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Egypt Air 990 And Lauda Air 004 Crash  
User currently offlineTy134A From Austria, joined Apr 2008, 157 posts, RR: 0
Posted (6 years 4 months 2 weeks 4 days 4 hours ago) and read 17851 times:

Hello!

I have heard some time ago, that the two crashed 767 were, according to their construction numbers, that the Lauda Air plane was next off the construction line after the Egypt Air 767. The construction numbers, if not mistaken, are for the NG 767: 24628/283 and for the MS 767: 24542/282.

Now I know that the inveestigations on the crashes have been completed, and according to these there is no connection between the two crashes. But still I wonder if maybe any other planes following in construction crashed. Was there even closely looked at a connection between the to accidents? Any thoughts on that?

greetings, Ty134A


flown on:TU3,TU5,IL8,IL6,ILW,IL9,I14,A40,YK4,YK2,AN4,A26,A28,A81,L11,D1C,M11,AB4,313,342,345,703,722,732,741,74L,J31,F50
34 replies: All unread, showing first 25:
 
User currently offlineDeltaGuy From , joined Dec 1969, posts, RR:
Reply 1, posted (6 years 4 months 2 weeks 4 days 3 hours ago) and read 17793 times:

Very intersting coincidence...I never knew that.

That said, one crash obviously was of a mechanical origin.

The other was a demented lunatic who decided to take his problems out on a couple hundred innocent people and a perfectly good Boeing.

DeltaGuy


User currently offlineConcordeBoy From , joined Dec 1969, posts, RR:
Reply 2, posted (6 years 4 months 2 weeks 4 days 1 hour ago) and read 17441 times:



Quoting DeltaGuy (Reply 1):
Very intersting coincidence...I never knew that.

Freaky, never knew that as well.

Quoting DeltaGuy (Reply 1):
one crash obviously was of a mechanical origin.

True.

Though EgyptAir (and of course its lawyers) to this day contend that there was a structural fault in the aircraft's elevators-- though, that doesn't explain the pre-dive prayers; nor the pre-dive shutting off of both engines; nor the fact that the elevators' response was later shown to be directly in sync with yoke inputs, even to the point of splitting their direction due to the opposing inputs from Habashi and Batouti.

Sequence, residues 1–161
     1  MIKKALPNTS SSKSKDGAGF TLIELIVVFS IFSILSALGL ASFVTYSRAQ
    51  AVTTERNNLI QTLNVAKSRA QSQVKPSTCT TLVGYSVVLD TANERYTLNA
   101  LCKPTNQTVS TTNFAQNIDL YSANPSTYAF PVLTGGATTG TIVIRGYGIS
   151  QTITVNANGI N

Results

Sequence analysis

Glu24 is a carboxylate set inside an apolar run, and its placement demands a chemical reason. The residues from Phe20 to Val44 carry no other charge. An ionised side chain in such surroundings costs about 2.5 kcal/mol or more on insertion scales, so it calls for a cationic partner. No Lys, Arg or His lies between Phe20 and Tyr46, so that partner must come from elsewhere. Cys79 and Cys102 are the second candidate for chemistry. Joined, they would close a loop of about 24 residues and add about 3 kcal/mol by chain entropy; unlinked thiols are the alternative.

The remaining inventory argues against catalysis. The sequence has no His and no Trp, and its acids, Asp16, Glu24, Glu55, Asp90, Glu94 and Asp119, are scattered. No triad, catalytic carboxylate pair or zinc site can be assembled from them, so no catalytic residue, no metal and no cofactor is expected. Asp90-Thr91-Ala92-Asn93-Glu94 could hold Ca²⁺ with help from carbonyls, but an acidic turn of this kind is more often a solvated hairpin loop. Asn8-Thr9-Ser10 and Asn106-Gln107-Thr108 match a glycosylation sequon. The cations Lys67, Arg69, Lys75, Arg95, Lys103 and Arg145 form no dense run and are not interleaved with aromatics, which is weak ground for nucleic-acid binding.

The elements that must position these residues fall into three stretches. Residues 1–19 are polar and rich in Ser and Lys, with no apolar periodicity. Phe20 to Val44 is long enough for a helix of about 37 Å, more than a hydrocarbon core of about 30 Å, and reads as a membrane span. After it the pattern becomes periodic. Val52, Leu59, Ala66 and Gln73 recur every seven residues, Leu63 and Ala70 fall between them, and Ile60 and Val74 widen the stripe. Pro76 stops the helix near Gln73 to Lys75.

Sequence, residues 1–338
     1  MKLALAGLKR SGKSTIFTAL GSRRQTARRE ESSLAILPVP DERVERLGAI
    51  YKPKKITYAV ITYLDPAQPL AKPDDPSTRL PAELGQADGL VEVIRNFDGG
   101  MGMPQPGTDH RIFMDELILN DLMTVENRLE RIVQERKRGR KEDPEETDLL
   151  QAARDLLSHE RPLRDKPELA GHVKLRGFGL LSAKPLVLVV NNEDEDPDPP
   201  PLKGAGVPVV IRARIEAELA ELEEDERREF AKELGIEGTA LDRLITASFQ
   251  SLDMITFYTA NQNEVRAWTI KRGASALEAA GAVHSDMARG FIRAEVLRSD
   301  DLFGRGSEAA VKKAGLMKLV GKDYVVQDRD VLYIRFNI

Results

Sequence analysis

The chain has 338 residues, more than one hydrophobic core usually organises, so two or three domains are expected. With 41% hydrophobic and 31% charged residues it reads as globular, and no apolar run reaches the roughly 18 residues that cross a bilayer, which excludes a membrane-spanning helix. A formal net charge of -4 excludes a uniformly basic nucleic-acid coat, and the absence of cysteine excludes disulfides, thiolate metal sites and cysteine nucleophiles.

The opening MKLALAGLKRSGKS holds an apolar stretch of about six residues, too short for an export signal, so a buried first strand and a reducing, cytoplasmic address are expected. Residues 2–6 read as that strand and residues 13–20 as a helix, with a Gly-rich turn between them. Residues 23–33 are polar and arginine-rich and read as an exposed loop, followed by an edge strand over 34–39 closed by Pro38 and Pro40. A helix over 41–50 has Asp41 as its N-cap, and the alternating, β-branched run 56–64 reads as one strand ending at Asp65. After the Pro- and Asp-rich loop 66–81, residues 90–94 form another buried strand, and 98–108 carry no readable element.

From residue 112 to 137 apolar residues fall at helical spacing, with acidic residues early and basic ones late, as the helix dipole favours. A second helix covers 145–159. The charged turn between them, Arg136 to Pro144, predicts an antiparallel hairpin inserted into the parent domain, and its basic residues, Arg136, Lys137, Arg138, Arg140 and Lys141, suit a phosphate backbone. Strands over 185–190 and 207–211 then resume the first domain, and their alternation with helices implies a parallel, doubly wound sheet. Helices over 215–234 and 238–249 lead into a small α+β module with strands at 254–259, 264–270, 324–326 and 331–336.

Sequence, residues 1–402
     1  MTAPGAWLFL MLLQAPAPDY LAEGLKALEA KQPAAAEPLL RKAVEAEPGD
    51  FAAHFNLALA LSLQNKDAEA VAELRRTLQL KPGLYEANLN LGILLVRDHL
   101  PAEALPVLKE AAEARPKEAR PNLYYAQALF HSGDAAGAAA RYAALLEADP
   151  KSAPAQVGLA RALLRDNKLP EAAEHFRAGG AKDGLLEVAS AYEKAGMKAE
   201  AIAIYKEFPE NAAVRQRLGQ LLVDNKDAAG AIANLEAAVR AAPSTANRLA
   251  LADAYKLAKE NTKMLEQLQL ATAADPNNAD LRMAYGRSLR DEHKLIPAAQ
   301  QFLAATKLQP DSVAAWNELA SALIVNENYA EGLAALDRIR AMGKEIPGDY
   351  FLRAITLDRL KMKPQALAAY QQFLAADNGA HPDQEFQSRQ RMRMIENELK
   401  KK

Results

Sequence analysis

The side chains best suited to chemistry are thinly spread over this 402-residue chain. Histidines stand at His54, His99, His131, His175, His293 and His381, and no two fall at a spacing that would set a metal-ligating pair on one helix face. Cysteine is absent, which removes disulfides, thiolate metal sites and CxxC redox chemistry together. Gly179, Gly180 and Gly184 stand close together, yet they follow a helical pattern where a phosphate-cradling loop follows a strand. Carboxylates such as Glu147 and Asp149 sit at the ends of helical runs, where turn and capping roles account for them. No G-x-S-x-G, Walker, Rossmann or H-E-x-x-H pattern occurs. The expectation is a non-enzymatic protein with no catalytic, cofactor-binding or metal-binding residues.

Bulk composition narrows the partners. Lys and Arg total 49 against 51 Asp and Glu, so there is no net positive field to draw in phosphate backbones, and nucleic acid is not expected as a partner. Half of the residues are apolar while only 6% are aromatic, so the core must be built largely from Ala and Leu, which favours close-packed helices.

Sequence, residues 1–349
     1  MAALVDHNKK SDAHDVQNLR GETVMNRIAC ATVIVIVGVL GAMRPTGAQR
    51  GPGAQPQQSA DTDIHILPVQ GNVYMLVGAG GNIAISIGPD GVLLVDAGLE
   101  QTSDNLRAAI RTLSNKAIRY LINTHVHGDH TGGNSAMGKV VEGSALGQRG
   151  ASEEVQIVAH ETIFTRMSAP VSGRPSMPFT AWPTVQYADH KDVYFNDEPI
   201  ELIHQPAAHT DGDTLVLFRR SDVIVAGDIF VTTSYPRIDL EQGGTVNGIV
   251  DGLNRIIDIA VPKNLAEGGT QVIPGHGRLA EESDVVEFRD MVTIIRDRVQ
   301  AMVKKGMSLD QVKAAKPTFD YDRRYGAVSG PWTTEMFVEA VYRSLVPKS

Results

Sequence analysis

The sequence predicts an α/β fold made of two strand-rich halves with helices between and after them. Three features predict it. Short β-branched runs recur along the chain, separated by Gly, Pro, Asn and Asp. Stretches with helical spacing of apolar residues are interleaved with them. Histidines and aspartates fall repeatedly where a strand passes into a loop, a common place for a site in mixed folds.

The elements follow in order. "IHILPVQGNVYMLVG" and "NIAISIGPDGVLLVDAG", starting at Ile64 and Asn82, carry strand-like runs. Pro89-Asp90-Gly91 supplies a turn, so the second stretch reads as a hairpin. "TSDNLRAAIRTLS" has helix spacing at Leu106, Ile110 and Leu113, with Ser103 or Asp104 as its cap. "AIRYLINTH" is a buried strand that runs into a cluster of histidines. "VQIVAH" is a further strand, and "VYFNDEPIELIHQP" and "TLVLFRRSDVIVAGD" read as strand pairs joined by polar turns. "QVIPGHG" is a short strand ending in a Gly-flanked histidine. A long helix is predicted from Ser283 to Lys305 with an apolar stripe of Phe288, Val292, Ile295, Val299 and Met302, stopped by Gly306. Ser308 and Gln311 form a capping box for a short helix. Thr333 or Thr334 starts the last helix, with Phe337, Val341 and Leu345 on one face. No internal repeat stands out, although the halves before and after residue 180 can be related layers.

It's very disconcerting that that airline, 9 years later, still won't accept what every other nation/entity involved has determined to be a rather definitive conclusion.


User currently offlineRedChili From Norway, joined Jul 2005, 2260 posts, RR: 4
Reply 3, posted (6 years 4 months 2 weeks 3 days 23 hours ago) and read 17148 times:



Quoting ConcordeBoy (Reply 2):
It's very disconcerting that that airline, 9 years later, still won't accept what every other nation/entity involved has determined to be a rather definitive conclusion.

Which is exactly why I refuse to fly with Egyptair. It appears to me that they don't take this question seriously. It appears that they're not really trying to find out the truth, so that they can take steps to avert similar incidents in the future.



Top 10 airplanes: B737, T154, B747, IL96, T134, IL62, A320, MD80, B757, DC10
User currently offlineZTagged From Niger, joined Oct 2007, 516 posts, RR: 0
Reply 4, posted (6 years 4 months 2 weeks 3 days 18 hours ago) and read 16857 times:

Now that's just eerie. I doubt (Okay, as far as I know) there was any connection between their fatal incidents, but still very eerie.


Something awful.
User currently offlineConcordeBoy From , joined Dec 1969, posts, RR:
Reply 5, posted (6 years 4 months 2 weeks 3 days 18 hours ago) and read 16772 times:



Quoting RedChili (Reply 3):
Which is exactly why I refuse to fly with Egyptair.

Agreed.

What's really tragic about this, is that it's tough to recall any tangible measures that have been taken to prevent pilot-on-duty suicide... I'd say this crash was hard evidence that the procedures in place are not sufficient, regardless as to the (lack of frequency) in occurence.


User currently offlineYamatthey From Switzerland, joined Aug 2005, 56 posts, RR: 0
Reply 6, posted (6 years 4 months 2 weeks 3 days 18 hours ago) and read 16702 times:

Interesting coincidence, I never knew that before.

Lauda Air Boeing 767-3Z9ER crashed on May 26, 1991 due to a thrust reverser deployment of the number 1 engine when flying near Ban Nong Rong (Uthai Thani Province), Thailand.